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Ribosomes have a characteristic protuberance termed the stalk, which is indispensable for ribosomal function. The ribosomal stalk has long been believed to be a pentameric protein complex composed of two sets of protein dimers, L12-L12, bound to a single anchor protein, although ribosomes carrying three L12 dimers were recently discovered in a few thermophilic bacteria. Here we have characterized the stalk complex from Pyrococcus horikoshii, a thermophilic species of Archaea. This complex is known to be composed of proteins homologous to eukaryotic counterparts rather than bacterial ones. In truncation experiments of the C-terminal regions of the anchor protein Ph-P0, we surprisingly observed three Ph-L12 dimers bound to the C-terminal half of Ph-P0, and the binding site for the third dimer was unique to the archaeal homologs. The stoichiometry of the heptameric complex Ph-P0(Ph-L12)(2)(Ph-L12)(2)(Ph-L12)(2) was confirmed by mass spectrometry of the intact complex. In functional tests, ribosomes carrying a single Ph-L12 dimer had significant activity, but the addition of the second and third dimers increased the activity. A bioinformatics analysis revealed the evidence that ribosomes from all archaeal and also from many bacterial organisms may contain a heptameric complex at the stalk, whereas eukaryotic ribosomes seem to contain exclusively a pentameric stalk complex, thus modifying our view of the stalk structure significantly.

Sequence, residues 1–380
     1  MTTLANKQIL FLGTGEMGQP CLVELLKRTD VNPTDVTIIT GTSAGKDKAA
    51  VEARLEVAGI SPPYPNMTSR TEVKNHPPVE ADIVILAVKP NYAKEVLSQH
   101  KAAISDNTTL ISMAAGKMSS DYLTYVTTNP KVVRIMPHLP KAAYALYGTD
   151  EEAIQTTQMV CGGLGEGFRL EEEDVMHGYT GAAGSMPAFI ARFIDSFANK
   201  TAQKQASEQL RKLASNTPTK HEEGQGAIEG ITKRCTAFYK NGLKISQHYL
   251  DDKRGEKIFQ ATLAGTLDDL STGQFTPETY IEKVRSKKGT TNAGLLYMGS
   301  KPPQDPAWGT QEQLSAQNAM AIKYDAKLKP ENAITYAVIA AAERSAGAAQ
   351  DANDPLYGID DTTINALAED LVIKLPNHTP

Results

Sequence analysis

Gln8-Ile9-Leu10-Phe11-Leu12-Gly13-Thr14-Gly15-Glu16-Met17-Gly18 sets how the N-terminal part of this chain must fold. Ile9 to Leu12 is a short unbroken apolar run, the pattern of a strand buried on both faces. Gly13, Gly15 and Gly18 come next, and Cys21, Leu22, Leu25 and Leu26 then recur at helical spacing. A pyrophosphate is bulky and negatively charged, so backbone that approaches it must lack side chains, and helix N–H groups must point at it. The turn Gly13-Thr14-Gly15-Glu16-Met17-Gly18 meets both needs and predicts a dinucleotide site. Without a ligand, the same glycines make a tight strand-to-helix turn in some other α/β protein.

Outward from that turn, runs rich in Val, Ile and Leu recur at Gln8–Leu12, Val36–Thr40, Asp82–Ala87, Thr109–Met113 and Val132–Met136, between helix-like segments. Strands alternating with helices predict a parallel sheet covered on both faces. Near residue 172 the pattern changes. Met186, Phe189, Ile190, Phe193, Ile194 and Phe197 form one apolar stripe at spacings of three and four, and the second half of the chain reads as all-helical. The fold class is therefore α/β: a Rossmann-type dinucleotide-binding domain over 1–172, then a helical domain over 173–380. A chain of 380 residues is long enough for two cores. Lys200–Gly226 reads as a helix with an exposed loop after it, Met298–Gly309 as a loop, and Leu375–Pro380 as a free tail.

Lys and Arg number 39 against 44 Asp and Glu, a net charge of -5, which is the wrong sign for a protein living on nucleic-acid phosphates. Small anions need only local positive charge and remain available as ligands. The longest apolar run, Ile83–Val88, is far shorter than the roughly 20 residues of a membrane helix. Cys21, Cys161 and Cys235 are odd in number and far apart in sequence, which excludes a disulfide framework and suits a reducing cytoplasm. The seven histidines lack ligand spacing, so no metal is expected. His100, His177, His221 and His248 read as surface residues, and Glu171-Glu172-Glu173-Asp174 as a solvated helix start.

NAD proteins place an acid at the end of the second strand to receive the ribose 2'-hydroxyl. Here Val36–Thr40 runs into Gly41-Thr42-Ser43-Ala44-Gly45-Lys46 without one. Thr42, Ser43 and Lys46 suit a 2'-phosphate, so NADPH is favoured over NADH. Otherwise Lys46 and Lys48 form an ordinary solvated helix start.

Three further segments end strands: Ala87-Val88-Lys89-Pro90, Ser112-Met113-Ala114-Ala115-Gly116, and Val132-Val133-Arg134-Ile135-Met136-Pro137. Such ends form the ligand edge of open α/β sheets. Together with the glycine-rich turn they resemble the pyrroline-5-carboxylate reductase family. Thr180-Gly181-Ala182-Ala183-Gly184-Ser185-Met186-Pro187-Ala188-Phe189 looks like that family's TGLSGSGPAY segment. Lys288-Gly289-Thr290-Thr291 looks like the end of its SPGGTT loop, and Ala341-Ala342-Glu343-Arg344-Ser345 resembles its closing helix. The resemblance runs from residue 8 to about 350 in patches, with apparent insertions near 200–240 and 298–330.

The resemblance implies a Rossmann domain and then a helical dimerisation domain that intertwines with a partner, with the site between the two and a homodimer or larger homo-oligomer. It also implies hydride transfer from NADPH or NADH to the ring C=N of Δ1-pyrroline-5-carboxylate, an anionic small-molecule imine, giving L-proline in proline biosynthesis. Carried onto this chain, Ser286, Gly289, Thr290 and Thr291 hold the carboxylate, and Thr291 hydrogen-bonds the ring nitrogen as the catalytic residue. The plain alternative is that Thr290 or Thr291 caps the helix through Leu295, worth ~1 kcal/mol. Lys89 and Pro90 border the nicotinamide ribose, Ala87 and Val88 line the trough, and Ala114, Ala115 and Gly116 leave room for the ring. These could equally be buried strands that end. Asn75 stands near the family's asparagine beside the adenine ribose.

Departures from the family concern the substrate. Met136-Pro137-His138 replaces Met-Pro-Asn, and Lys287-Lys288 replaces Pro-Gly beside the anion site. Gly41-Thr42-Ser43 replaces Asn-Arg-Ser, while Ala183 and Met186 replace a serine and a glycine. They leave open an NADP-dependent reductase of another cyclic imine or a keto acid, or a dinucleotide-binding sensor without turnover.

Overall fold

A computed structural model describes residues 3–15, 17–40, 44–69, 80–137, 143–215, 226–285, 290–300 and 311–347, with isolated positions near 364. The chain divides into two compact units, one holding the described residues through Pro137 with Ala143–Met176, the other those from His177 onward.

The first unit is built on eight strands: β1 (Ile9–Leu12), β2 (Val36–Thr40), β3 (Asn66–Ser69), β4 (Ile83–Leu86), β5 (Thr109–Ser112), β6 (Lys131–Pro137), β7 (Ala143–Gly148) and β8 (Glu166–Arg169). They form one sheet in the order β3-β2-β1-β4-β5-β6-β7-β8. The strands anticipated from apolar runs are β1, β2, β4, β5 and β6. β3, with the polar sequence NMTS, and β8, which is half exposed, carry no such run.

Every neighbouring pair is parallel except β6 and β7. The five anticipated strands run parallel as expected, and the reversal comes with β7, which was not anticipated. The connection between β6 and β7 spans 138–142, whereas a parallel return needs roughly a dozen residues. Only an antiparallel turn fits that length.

Original publication




Journal article


J Biol Chem

Publication Date





32827 - 32833


Amino Acid Sequence, Animals, Archaeal Proteins, Conserved Sequence, Dimerization, Humans, Molecular Sequence Data, Phylogeny, Protein Binding, Pyrococcus horikoshii, RNA, Ribosomal, Ribosomes, Sequence Alignment, Spectrometry, Mass, Electrospray Ionization